The energy produced by stars, as a by-product of nuclear fusion, radiates into space as both electromagnetic radiation and particle radiation. The particle radiation emitted by a star is manifested as the stellar wind (which exists as a steady stream of electrically charged particles, such as free protons, alpha particles, and beta particles, emanating from the star’s outer layers) and as a steady stream of neutrinos emanating from the star’s core.
The production of energy at the core is the reason why stars shine so brightly: every time two or more atomic nuclei of one element fuse together to form an atomic nucleus of a new heavier element, gamma ray photons are released from the nuclear fusion reaction. This energy is converted to other forms of electromagnetic energy, including visible light, by the time it reaches the star’s outer layers.
The color of a star, as determined by the peak frequency of the visible light, depends on the temperature of the star’s outer layers, including its photosphere. Besides visible light, stars also emit forms of electromagnetic radiation that are invisible to the human eye. In fact, stellar electromagnetic radiation spans the entire electromagnetic spectrum, from the longest wavelengths of radio waves and infrared to the shortest wavelengths of ultraviolet, X-rays, and gamma rays. All components of stellar electromagnetic radiation, both visible and invisible, are typically significant.
Using the stellar spectrum, astronomers can also determine the surface temperature, surface gravity, metallicity and rotational velocity of a star. If the distance of the star is known, such as by measuring the parallax, then the luminosity of the star can be derived. The mass, radius, surface gravity, and rotation period can then be estimated based on stellar models. (Mass can be measured directly for stars in binary systems. The technique of gravitational microlensing will also yield the mass of a star.) With these parameters, astronomers can also estimate the age of the star.
In astronomy, luminosity is the amount of light, and other forms of radiant energy, a star radiates per unit of time. The luminosity of a star is determined by the radius and the surface temperature. However, many stars do not radiate a uniform flux—the amount of energy radiated per unit area—across their entire surface. The rapidly rotating star Vega, for example, has a higher energy flux at its poles than along its equator.
Surface patches with a lower temperature and luminosity than average are known as starspots. Small, dwarf stars such as the Sun generally have essentially featureless disks with only small starspots. Larger, giant stars have much bigger, much more obvious starspots,and they also exhibit strong stellar limb darkening. That is, the brightness decreases towards the edge of the stellar disk.Red dwarf flare stars such as UV Ceti may also possess prominent starspot features.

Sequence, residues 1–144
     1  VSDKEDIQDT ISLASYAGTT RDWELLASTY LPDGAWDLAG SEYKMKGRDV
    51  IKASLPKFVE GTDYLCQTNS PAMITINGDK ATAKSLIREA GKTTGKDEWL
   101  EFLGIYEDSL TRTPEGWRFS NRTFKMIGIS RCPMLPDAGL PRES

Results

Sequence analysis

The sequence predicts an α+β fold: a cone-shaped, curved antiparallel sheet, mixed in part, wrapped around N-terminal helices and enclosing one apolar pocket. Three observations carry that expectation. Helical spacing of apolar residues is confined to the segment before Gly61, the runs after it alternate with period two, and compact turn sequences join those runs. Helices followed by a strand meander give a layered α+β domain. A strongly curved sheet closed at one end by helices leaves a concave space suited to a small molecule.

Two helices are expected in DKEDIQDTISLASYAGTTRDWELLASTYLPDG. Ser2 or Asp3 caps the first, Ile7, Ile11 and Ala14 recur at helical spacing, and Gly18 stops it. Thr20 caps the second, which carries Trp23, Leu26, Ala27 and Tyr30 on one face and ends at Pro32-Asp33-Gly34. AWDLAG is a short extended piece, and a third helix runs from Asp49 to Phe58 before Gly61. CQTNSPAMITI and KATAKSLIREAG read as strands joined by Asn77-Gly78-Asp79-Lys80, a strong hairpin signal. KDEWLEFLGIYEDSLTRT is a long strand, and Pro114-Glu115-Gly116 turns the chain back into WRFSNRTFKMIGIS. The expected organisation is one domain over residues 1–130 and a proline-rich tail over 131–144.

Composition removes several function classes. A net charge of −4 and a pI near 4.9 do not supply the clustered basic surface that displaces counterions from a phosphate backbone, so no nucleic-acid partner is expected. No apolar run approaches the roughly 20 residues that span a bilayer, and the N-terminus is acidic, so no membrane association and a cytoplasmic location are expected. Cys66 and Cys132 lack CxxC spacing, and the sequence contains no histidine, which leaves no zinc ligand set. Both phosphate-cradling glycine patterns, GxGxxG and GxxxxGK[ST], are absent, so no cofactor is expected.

The apparent brightness of a star is measured by its apparent magnitude, which is the brightness of a star with respect to the star’s luminosity, distance from Earth, and the altering of the star’s light as it passes through Earth’s atmosphere. Intrinsic or absolute magnitude is what the apparent magnitude a star would be if the distance between the Earth and the star were 10 parsecs (32.6 light-years), and it is directly related to a star’s luminosity.
Both the apparent and absolute magnitude scales are logarithmic units: one whole number difference in magnitude is equal to a brightness variation of about 2.5 times (the 5th root of 100 or approximately 2.512). This means that a first magnitude (+1.00) star is about 2.5 times brighter than a second magnitude (+2.00) star, and approximately 100 times brighter than a sixth magnitude (+6.00) star. The faintest stars visible to the naked eye under good seeing conditions are about magnitude +6.
On both apparent and absolute magnitude scales, the smaller the magnitude number, the brighter the star; the larger the magnitude number, the fainter. The brightest stars, on either scale, have negative magnitude numbers. The variation in brightness (ΔL) between two stars is calculated by subtracting the magnitude number of the brighter star (mb) from the magnitude number of the fainter star (mf), then using the difference as an exponent for the base number 2.512; that is to say:
- Δm = mf − mb
- 2.512Δm = ΔL
Relative to both luminosity and distance from Earth, absolute magnitude (M) and apparent magnitude (m) are not equivalent for an individual star; for example, the bright star Sirius has an apparent magnitude of −1.44, but it has an absolute magnitude of +1.41.
The Sun has an apparent magnitude of −26.7, but its absolute magnitude is only +4.83. Sirius, the brightest star in the night sky as seen from Earth, is approximately 23 times more luminous than the Sun, while Canopus, the second brightest star in the night sky with an absolute magnitude of −5.53, is approximately 14,000 times more luminous than the Sun. Despite Canopus being vastly more luminous than Sirius, however, Sirius appears brighter than Canopus. This is because Sirius is merely 8.6 light-years from the Earth, while Canopus is much farther away at a distance of 310 light-years.